Why is inflation rising and what does this mean for financial markets by Charlie Hancock
In recent weeks, rising inflation has been a key topic of discussion amongst investors. Consumer Price Index (CPI) data for much of the developed world has indicated that inflationary pressures are building, with the cost of goods and services rising at their fastest pace for some time. This is particularly evident in the US, where data showed consumer prices in May rose at their fastest pace since 2008.
May’s CPI data showed the annual rate of inflation was 5%. Inflation has risen throughout the early months of 2021, with the annual rate recorded in January being 1.4%. However, there are a number of important factors to consider when analysing the recent data. Firstly, pent up demand is being released as Covid-19 restrictions are eased and this is likely to drive prices higher temporarily. For example, holiday bookings have surged, prompting a substantial rise in the price of accommodation in the most desirable locations.
Secondly, the stop-start nature of the pandemic has created a number of supply chain issues, with businesses struggling to predict demand for their products. Disruptions in the flow of shipping containers also contributed to shortages across a wide range of goods. Taking semiconductors as an example, some vehicle manufacturers have been forced to delay production due to insufficient supplies of microchips. The result is strong demand for used vehicles, with a third of the increase in US inflation during May attributable to rising prices for used cars and trucks. It is also important to consider the basing effect in the recent year-on-year inflation figures, which are measuring against price increases, or lack thereof, in the spring of 2020, where the pandemic saw demand for goods and services rapidly decline.
At present, the view of central bankers is that rising inflation will be transitory, i.e. the current levels of inflation will subside over the next year or so. The Federal Reserve, which is the central bank for the United States, have explained that they are happy to let inflation ‘run hot’ for a period of time, whilst they keep interest rates at record lows to help the economy recover. The Bank of England have taken a similar view and expect that any overshoot of the bank’s 2% annual inflation target will be temporary.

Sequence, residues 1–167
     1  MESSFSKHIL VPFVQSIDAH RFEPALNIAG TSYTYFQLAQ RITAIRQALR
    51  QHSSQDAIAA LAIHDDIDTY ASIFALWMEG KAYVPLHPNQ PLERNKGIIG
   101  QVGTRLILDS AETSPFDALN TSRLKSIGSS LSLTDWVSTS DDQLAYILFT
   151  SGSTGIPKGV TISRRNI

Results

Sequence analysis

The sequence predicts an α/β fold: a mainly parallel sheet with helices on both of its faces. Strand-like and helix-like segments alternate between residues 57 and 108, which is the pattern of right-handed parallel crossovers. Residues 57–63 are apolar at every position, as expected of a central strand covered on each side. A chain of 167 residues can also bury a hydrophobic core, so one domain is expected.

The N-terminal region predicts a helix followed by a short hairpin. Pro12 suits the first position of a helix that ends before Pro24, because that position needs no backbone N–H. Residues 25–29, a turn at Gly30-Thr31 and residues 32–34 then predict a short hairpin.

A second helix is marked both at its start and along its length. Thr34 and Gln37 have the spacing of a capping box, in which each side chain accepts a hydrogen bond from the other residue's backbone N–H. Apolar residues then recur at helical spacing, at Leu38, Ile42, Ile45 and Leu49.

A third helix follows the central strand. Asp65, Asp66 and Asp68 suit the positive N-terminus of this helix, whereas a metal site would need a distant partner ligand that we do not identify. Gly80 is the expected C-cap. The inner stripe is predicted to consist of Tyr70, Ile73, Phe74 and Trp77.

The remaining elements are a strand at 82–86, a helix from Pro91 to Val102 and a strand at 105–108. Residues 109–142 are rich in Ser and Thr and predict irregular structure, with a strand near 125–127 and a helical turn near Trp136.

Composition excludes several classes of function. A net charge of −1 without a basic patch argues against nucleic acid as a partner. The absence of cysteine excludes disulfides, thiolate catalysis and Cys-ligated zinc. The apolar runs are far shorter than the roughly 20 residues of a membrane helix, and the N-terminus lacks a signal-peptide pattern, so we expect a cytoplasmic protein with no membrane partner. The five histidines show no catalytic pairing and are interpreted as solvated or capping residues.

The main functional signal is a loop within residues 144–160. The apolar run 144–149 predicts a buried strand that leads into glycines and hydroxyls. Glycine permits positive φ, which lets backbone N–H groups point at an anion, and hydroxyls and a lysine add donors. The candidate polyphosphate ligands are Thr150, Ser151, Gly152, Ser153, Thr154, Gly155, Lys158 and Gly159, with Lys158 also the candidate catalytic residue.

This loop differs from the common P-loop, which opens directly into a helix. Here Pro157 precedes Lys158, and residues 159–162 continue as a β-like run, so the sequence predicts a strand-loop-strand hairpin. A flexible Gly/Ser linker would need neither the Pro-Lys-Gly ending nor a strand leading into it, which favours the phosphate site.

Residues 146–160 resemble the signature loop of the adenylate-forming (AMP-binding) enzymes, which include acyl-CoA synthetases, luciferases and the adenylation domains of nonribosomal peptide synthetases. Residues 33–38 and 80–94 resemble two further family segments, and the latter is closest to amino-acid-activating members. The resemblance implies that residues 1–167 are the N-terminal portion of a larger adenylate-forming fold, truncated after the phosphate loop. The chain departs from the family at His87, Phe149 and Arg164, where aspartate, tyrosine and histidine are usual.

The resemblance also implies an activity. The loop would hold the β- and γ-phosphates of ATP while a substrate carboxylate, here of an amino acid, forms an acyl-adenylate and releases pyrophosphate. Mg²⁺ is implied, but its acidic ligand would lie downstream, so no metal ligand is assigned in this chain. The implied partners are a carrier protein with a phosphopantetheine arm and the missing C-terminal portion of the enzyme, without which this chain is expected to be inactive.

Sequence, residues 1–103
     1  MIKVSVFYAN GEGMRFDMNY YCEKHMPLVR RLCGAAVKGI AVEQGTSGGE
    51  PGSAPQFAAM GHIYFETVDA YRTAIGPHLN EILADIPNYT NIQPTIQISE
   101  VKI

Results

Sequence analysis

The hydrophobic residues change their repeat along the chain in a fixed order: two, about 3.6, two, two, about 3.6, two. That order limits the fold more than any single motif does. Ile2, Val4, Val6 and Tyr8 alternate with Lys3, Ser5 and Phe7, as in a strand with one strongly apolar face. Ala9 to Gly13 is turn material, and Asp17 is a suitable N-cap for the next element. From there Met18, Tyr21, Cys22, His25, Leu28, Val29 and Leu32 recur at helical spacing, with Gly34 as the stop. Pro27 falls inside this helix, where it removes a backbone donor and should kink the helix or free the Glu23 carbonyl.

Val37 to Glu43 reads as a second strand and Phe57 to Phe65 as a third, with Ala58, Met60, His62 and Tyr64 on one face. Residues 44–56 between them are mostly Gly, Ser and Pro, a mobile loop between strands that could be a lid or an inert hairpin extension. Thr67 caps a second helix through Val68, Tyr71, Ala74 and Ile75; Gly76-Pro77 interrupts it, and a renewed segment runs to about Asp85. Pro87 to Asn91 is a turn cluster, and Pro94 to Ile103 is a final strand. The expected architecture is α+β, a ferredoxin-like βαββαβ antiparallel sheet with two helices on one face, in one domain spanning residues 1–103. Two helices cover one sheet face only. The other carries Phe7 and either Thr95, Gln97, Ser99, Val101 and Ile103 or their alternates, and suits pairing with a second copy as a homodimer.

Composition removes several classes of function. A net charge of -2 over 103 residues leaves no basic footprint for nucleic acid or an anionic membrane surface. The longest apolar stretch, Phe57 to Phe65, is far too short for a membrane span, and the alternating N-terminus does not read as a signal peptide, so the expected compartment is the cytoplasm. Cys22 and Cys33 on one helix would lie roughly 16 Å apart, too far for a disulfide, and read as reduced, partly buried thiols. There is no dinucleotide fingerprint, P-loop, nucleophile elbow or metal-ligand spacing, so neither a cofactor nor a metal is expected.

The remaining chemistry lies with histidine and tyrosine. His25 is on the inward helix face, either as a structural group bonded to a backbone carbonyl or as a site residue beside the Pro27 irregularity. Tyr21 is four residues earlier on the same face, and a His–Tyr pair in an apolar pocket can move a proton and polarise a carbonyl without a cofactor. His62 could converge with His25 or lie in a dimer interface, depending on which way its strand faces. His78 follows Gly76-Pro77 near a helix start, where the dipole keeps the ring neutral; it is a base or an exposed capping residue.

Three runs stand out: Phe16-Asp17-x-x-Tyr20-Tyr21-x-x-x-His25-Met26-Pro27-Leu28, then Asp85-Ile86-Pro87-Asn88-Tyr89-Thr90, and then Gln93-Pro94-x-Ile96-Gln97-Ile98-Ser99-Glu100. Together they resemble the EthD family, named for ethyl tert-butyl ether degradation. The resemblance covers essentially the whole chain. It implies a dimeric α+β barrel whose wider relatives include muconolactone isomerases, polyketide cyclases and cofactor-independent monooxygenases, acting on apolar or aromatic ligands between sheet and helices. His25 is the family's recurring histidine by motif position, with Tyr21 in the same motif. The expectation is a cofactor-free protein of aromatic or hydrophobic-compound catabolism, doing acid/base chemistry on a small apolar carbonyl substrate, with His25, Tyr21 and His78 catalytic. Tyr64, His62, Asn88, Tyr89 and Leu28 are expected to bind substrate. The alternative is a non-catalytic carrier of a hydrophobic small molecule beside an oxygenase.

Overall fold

US CPI: year-on-year % increase
At times this year, investment markets have seemed a little unnerved by the prospect of rising inflation, however, these concerns have abated recently. During February and March, investors were concerned that central banks would be forced into raising interest rates in the near future to dampen a prolonged rise in inflation. As a result, holders of government bonds reduced their exposure and forced yields upwards at a fairly rapid pace. Following the release of May’s US CPI figure, bond yields declined and stock markets moved higher, suggesting that, at present, investors agree with the view of central banks and are not concerned by the current spike in inflation.
There is some evidence of investors seeking protection against inflation, for example increasing inflows to index-linked bond funds, but this is not widespread. Overall, it appears that investors are confident equities will offer protection in an environment of rising inflation. The Barclays Equity Gilt study, which analyses data from the last century, shows that on average, equities have delivered returns in excess of inflation and have provided better protection than alternative assets, such as bonds or property.
We have carefully considered the impact rising inflation may have for our portfolios. During the final quarter of 2020, we started to increase our exposure to funds which own stocks that perform well in an environment of rising commodity prices, such as energy and mining companies. At present, with markets not significantly concerned about inflation, we feel it is sensible to maintain a balance across different sectors and themes, however, as always, we will continue to adapt our strategies in line with changing market conditions.